THEY LIVED IN LEEDS
Alfred Austin (1835-1913)
Poet, Political Journalist and Critic
Leeds can boast only one poet laureate – the nation’s official poet – but in fact nobody boasts about him at all. He’s more of a shameful secret. Alfred Austin, born and brought up in Leeds, was appointed poet laureate in 1896, after four years of tussle and argument about a worthy successor to the revered Lord Tennyson and William Wordsworth. His appointment provoked a flood of criticism and insult which left his reputation in tatters and buried him for years. Search the poetry anthologies, look for a blue plaque on his birthplace: nothing. Complacent and egotistical, he lacked personal appeal, but some of his writing has charm and grace, reflecting his genuine, romantic love of English gardens and nature. Is it time to dig him up?
He was born in 1835, third of the six children of Joseph Austin, a prosperous Leeds wool merchant and magistrate, who had just had a splendid new house built on Headingley Hill - ‘Ashwood’, off North Hill Road, its gothic arched windows and tall chimneys still a feature. In later memories Alfred recalled the open fields separating it from Woodhouse Moor, where cows grazed and he used to exercise his pony – an idyllic semi-rural childhood. Poetry, especially Byron, was an early passion. His father was Catholic, so after a day school in Headingley he was sent off to the Catholic Stoneyhurst College and then to St. Mary’s, Oscott, near Birmingham, where he studied for a degree of London University, the only degree open to non-Anglicans. With vague thoughts about a profession, he entered legal chambers in London and was called to the Bar in 1857. But he was a half-hearted lawyer – he really wanted to write, and had already published a book of poetry, funded by his uncle. It sold 17 copies!
In 1860 he inherited money from this uncle, the distinguished railway engineer Joseph Locke, which freed him to write and travel. He published two books of satirical poetry, praised for their learning and elegance, and spent a long period in Italy, which he grew to love. On his return to England he continued writing, published two novels, and married the daughter of an Irish landowner, Hester Homan-Mulock. They enjoyed a year-long honeymoon in his beloved Italy, embroiled then in political turmoil.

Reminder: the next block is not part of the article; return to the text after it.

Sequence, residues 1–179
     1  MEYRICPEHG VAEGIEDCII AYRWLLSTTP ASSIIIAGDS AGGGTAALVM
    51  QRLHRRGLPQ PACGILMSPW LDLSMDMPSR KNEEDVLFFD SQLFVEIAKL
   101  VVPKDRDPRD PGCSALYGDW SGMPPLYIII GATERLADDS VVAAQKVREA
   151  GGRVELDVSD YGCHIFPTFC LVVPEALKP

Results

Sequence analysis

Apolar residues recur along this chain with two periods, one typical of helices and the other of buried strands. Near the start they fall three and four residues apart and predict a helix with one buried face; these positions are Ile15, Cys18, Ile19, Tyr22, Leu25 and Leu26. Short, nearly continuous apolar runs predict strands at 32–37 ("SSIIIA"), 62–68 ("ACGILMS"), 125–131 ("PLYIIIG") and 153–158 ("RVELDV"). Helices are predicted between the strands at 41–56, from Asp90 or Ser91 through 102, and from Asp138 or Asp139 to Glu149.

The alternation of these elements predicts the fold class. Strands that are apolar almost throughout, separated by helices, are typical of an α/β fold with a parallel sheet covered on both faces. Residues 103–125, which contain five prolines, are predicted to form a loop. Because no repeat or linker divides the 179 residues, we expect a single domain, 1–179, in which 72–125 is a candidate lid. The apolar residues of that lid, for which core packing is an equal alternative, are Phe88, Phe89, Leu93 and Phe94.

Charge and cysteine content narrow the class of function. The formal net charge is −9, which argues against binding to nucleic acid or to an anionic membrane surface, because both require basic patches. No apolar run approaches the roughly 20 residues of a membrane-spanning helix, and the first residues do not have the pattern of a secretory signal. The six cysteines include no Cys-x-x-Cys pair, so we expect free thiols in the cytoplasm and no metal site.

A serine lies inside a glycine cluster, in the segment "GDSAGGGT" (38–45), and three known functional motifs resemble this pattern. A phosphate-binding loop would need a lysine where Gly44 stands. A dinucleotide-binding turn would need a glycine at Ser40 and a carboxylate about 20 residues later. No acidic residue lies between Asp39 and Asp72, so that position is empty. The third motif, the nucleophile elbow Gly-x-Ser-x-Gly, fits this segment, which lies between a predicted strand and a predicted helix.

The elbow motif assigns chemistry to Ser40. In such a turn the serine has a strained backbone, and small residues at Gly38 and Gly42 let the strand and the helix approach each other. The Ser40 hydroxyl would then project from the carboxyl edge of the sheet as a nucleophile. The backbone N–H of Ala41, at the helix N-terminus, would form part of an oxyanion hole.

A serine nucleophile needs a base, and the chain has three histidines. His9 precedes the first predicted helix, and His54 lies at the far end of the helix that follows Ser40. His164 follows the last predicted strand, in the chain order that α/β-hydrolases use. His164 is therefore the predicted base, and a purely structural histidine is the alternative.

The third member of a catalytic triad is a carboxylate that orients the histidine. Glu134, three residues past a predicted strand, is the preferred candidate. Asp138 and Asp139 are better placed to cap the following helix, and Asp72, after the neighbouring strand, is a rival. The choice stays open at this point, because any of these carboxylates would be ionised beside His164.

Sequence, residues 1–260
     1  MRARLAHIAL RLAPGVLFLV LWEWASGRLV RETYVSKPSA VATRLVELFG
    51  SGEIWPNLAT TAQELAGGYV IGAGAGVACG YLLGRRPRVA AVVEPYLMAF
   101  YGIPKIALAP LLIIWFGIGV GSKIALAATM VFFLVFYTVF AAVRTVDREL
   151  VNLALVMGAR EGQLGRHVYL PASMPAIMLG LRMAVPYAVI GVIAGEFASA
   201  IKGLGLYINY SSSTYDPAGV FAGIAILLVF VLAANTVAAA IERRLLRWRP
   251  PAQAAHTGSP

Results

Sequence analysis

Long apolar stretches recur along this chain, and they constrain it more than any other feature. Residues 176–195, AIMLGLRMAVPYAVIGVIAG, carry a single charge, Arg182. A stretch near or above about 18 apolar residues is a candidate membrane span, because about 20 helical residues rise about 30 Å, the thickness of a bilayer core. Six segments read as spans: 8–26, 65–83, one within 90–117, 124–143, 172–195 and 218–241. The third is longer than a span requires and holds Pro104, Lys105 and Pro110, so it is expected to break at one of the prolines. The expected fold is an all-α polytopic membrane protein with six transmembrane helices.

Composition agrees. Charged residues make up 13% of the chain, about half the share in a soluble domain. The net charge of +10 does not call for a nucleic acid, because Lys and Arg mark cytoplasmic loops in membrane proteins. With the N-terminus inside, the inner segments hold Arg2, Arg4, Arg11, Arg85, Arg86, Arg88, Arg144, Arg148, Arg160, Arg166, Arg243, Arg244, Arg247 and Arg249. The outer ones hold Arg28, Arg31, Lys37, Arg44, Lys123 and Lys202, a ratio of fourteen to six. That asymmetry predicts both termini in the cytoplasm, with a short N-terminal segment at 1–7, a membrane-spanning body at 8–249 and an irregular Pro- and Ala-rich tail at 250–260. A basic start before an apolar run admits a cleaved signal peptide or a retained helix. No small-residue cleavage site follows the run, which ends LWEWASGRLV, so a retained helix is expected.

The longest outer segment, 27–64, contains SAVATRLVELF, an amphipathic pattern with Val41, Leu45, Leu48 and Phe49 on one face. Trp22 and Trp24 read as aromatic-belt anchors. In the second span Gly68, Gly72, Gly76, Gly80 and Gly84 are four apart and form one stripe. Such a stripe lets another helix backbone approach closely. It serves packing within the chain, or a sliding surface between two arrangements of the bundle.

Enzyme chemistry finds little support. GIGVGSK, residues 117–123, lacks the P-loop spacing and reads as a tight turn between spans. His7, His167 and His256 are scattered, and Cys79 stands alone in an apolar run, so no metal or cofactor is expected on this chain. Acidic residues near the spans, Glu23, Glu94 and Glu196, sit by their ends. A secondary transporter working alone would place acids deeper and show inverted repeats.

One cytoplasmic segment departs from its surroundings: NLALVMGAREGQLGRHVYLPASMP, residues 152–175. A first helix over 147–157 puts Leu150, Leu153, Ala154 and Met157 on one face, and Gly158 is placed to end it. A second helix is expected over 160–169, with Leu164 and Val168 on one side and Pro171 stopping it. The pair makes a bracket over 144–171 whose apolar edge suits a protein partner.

Politics were close to his heart. A staunch, deeply patriotic Tory, he was taken on as leader-writer for the right-wing ‘Standard’ newspaper. As their correspondent he travelled to Rome in 1869 to cover the first Vatican Council and then in 1870 was at the Siege of Paris. He stood for parliament twice as a Conservative, for Taunton in 1865 and Dewsbury in 1880, egged on by Disraeli, but lost. So he focussed on political journalism, founding and editing the National Review, a platform for the Tory party. He was a close friend of Lord Salisbury, and totally in tune with his anti-reform policies.
Disliking London, he looked for a rural retreat where he could live like a traditional country squire and write. In 1867 he and Hester fell in love with the picturesque Swinford Old Manor House near Ashford in Kent and bribed their way to buying it. They spent the rest of their lives there creating their perfect garden, the inspiration for his most popular work: ‘The Garden that I Love’ (1894), and its sequels ‘In Veronica’s Garden’ and ‘Lamia’s Winter Quarters’, all running to many editions – idylls in prose, interspersed with poems and whimsical conversations on nature and life. Further volumes of lyrical poetry, poetic criticism (he harshly dismissed old favourites like Tennyson!), satires and dramas, and finally an autobiography flowed from his pen – over 40 books in all.
In 1896, after other candidates had been rejected or had refused, he was appointed Poet Laureate, on Lord Salisbury’s recommendation as Prime Minister. The press had a field day mocking his work, picking on various dud lines particularly in his later ‘official’ odes, and even poking fun at his short stature (about five feet). But he was impervious: confident, sure of his own worth and the rightness of his views on Queen, country, empire, and literature. He revisited Leeds in 1904 to receive an honorary degree from the newly created University, and gave a characteristic lecture on the ‘progressive lunacy’ of giving poor children free meals in schools. He died in 1913, on the brink of the great upheaval of the First World War.
He was included in a famous anthology of bad poetry, but the kind view is that at his best he was ‘a true but not a great poet’ – you can taste his work yourself now on the internet.